Rick Redman: Plastic parasites who insult our intelligence

December 15th, 2011

Published on Sunday 11 December 2011 09:02

THE Dumb-Down Express stopped off in Liverpool last week, as e4’s Desperate Scousewives became the latest piece in a depressing popular culture jigsaw.

Unsurprisingly, it took the programme’s introduction a matter of seconds before reminding us that it is set in the home town of the Beatles.

But the irony of associating a semi-prepared cacophony of trust funds and hair extensions with the four men who put the 2008 European capital of culture on the map could fill Anfield ten times over.

These plastic parasites are just the tip of an iceberg that begs the questions: ‘Is our intelligence being insulted?’ and ‘When did we stop celebrating talent?’

Following in the mould of Jersey Shore, it was the only way is Essex – or ‘TOWIE’, to give its reem nickname – that made it acceptable for viewers to venture vicariously into the lives of overprivileged 20-somethings whose only concern in life is whether to use a sunbed or a tanning booth to achieve their mahogany hue.

I’ll openly admit I’m more than a little jealous of these silver-spooned simpletons because if ignorance is bliss, they’re being fed seedless grapes in narcissistic nirvana.

Mind-numbing programme after mind-numbing programme of this ilk gets commissioned without so much as a perfectly-plucked eyebrow raised.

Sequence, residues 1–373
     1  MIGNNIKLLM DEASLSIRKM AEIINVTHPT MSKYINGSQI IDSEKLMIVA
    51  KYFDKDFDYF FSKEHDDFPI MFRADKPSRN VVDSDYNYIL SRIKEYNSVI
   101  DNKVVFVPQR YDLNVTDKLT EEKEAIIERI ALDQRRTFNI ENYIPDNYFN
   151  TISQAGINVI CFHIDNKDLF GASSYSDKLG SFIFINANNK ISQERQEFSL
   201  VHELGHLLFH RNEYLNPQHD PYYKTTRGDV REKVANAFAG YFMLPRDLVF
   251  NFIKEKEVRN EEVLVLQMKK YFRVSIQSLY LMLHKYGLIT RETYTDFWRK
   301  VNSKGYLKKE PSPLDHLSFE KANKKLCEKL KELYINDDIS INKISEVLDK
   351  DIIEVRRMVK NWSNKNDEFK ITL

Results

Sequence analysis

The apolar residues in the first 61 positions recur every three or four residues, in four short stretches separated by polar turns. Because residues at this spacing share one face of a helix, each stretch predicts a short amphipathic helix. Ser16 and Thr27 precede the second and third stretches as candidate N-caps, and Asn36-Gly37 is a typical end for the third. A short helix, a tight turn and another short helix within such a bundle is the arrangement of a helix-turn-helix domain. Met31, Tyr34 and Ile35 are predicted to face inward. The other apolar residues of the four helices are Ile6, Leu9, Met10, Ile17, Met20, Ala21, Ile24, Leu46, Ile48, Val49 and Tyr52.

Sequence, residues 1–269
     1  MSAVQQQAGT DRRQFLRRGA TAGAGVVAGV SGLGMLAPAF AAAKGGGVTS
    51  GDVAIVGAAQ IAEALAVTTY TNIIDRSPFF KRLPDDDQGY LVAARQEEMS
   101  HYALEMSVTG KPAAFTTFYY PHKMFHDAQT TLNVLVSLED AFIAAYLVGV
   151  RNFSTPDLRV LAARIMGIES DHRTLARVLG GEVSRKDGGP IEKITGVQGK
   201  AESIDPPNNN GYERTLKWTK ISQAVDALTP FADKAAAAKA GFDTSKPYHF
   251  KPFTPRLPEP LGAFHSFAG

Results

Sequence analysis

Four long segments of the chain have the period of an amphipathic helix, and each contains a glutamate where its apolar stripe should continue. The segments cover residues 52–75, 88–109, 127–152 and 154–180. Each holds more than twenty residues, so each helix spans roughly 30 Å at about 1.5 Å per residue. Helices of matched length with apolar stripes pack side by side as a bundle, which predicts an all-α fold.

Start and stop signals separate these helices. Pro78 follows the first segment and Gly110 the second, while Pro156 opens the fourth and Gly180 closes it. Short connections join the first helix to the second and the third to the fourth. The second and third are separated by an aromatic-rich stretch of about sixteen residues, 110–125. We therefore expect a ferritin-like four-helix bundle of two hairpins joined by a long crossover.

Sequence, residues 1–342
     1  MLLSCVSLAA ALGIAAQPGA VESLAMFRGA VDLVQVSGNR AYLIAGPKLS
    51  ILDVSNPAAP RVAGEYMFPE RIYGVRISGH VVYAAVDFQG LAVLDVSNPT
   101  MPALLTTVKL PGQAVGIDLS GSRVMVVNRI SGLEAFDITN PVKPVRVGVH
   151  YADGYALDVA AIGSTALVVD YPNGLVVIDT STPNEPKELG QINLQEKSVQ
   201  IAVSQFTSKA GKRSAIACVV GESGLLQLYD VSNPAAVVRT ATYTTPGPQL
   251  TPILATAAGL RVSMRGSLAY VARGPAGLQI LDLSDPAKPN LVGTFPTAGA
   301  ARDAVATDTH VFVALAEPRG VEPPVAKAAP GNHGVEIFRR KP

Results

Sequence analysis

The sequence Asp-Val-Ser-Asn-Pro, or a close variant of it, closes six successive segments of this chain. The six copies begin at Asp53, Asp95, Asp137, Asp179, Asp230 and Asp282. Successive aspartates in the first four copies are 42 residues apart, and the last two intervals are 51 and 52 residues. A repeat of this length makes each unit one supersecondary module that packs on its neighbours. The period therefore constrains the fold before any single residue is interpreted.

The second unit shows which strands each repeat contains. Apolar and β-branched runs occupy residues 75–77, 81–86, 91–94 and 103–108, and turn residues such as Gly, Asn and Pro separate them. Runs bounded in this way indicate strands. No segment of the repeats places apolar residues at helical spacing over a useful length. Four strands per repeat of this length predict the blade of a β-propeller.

However, this infestation of waxed chests and vajazzles is merely a subsection of the type of tedious television that fawning fantasists have been lapping up for over ten years now.

And worryingly, people shamelessly endure these televisual lobotomies en masse.

The laboriously named (and laboriously viewed) I’m a Celebrity… Get Me Out of Here! attracted a record 11.5 million viewers for its opening night last month.

That’s more than the population of Greece.

Yes, it is very easy to moan about how worthy the contestants are of the label ‘celebrity’, but it’s upsetting to see British sporting icons like Fatima Whitbread and Willie Carson exploit themselves for a payday and/or attention alongside what’s-their-faces like mark Wright and Crissy Rock.

In a world where a footballer’s wife being spotted clothes shopping makes national news (I’m looking at you, Mrs Beckham) it’s no surprise that Katie Prices and Kim Kardashians live the high life while record-breaking decathletes put cockroaches up their nostrils.

After getting her foot in the celebrity door by draping her wares over Subaru Imprezas as the talentless Jordan, the talentless Katie ‘don’t call me Jordan’ Price ghost-wrote her way onto the bestsellers list.

But why read the book when you can watch the film of the book that was written to be turned into a film?

How appropriate that this generation’s Heathcliff is a chiselled-cheekboned, white-toothed pretty boy who sucks the lifeblood out of subhuman beasts on a regular basis.

Maybe I’m being unfair about the dross we consume – it’s only a bit of escapism.

I am however mindful that this escapism may spray-tan its way to become hero worship and we could be faced with young people competing to see who can have the longest eyelashes and least GCSEs.

And what of that popular culture jigsaw? if you have enough brain cells left to complete the puzzle, you’ll be faced with a 1,000-piece picture of Max Clifford laughing his head off.

Rick Redman: Plastic parasites who insult our intelligence

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